Is that true? No

Jesus made it possible to be saved. That doesn’t mean everyone is saved.

possible = may ≠ will

We need to do what He wants us to do. We need to be as He wants us to be. He wants us “IN” His Church He established, receiving the sacraments He died to give us.

I would say, you really do know what is legit. Jesus started His Church in the 1st century. #[FONT=Arial]34[/FONT]

Protestantism started in the 16th century. We know who started each sect, and when it was started. It’s a 100% manmade endeavor. God condemns division from what He started. So we know God didn’t start Protestantism. To quote a famous Protestant convert, John Cardinal Henry Newman, “to be deep in history is to cease being Protestant”. That’s a simple and true statement that speaks volumes… that alone disqualifies Protestantism from consideration as legit.

how would you interpret John 6:51-70

The 1st pope denied Jesus 3 times. Jesus told Peter that would happen even over Peter’s protests that he wouldn’t do it. Did it change anything with Jesus and the plans He put in place for Peter being the leader of Our Lord’s Church? Nope!

All the apostles also scattered. Did it change Jesus plans for them? Nope!

This isn’t something of one’s own making. The ONLY Church that is true is the one Jesus established and gave all His promises to. Nothing else will do. That’s the one He builds on Peter and the apostles. There’s only one on the planet that qualifies. The Catholic Church.

*]Vat II did NOT do that. Protestants are NOT “in” the Church. If they were “in” the Church they could walk off the street and receive the sacraments. Can they do that? NO!.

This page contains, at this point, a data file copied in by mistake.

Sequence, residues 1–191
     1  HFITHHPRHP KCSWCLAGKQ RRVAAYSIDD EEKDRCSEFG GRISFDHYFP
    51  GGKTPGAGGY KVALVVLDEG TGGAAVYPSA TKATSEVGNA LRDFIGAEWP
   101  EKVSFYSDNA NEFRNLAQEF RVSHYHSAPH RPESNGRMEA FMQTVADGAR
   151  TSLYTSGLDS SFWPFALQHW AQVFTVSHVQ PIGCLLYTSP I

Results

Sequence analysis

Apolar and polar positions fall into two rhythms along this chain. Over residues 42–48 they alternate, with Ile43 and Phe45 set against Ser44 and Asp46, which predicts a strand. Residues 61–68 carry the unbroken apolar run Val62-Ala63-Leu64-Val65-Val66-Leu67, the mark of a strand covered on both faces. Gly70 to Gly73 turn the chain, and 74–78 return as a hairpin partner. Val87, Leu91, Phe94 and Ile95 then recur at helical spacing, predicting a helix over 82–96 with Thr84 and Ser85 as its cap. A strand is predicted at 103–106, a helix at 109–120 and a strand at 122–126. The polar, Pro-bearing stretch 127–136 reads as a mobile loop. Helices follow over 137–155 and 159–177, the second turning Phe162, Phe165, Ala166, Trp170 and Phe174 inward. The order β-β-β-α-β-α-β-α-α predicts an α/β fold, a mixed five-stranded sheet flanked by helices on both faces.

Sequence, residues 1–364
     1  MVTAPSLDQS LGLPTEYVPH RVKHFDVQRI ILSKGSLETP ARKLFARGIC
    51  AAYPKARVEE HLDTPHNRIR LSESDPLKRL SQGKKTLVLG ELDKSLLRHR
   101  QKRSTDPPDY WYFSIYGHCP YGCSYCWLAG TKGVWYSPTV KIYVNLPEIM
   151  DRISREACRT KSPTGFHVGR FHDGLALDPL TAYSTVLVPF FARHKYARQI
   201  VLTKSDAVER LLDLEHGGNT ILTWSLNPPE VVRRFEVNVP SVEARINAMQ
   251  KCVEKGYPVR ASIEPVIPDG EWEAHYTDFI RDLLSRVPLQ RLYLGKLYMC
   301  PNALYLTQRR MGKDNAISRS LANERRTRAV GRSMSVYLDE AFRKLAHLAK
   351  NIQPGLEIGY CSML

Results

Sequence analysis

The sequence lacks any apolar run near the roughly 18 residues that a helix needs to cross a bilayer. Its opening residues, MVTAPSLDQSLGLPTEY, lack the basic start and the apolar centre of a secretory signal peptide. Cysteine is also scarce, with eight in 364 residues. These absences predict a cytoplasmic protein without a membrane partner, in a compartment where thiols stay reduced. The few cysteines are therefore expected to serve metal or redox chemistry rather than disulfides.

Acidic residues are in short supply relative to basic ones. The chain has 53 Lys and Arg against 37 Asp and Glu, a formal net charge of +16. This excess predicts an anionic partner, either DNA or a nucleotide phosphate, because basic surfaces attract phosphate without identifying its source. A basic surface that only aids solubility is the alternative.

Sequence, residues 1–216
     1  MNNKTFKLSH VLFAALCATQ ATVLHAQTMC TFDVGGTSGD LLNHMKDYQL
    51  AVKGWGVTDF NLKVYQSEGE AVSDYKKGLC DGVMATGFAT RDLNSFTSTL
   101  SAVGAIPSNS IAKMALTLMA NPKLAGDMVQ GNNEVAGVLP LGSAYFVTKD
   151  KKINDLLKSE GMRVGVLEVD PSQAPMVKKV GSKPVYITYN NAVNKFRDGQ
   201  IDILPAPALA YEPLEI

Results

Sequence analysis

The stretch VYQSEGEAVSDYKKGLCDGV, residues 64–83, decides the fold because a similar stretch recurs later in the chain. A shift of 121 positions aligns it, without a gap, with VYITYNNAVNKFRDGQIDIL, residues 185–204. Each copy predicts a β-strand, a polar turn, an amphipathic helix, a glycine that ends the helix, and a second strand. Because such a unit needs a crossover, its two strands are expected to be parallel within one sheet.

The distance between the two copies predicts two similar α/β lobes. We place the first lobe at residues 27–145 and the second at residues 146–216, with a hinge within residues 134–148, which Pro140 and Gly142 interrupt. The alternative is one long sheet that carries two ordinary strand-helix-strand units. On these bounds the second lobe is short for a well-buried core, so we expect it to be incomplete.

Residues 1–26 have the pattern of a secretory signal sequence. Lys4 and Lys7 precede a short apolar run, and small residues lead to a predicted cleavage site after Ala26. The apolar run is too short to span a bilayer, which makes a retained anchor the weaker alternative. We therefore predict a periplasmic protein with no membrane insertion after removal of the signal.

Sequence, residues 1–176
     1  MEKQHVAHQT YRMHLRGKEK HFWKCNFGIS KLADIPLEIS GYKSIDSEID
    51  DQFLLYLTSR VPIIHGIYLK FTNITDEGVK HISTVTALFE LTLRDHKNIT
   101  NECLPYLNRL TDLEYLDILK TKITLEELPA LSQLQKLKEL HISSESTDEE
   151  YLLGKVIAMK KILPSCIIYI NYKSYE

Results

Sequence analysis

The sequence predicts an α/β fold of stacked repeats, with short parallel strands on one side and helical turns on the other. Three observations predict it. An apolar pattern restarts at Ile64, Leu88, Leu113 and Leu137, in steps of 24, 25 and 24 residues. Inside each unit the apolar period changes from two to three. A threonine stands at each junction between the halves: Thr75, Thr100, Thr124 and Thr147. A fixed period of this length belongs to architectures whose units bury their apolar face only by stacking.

*]Just look at confession catholic.com/quickquestions/as-a-protestant-who-wishes-to-stay-focused-on-the-lord-may-i-confess-my-sins-to-a-pri
[/LIST]looking at this further

I numbered the points of CCC 837 (all emphasis mine)

Here’s 5 salient points

*"*Fully incorporated into the society of the Church are those who, possessing the Spirit of Christ, (i.e. baptised)

*]accept all the means of salvation given to the Church
*]together with her entire organization,
*]who—by the bonds constituted by the profession of faith,
*]the sacraments, ecclesiastical government, and communion—are joined in the visible structure of the Church of Christ,
*]who rules her through the Supreme Pontiff and the bishops.
[/LIST]taking that same list and applying that to validly baptised Protestants, they don’t meet the requirements for being “in” the Church.

"Fully incorporated into the society of the Church are those who, possessing the Spirit of Christ, (i.e. baptised)[LIST=1]
*]-] accept all the means of salvation given to the Church /-]
*]-] together with her entire organization, /-]
*]who—by -]the bonds constituted by the profession of faith, i.e. the Catholic profession of faith /-]
*]-] the sacraments, ecclesiastical government, and communion—are joined in the visible structure of the Church of Christ, /-]
*]-]who rules her through the Supreme Pontiff and the bishops./-]
[/LIST]Protestants are NO on all 5 points. Ergo they are **NOT **“in” the Church.

Oh? I didn’t know it. Thanks for letting me know. I was thinking that real presence is where two or three people or more gather together to pray, He will be among them. At my mom’s church, the pastor blesses the wine and bread, and the partakers believe it to be His flesh and blood, but i have always been thinking that they meant it to be symbolic, until you mentioned about transubstantiation and real presence. Something for me to think about :newidea:

Sounds like your Anglican. They call it the “via media” or middle way.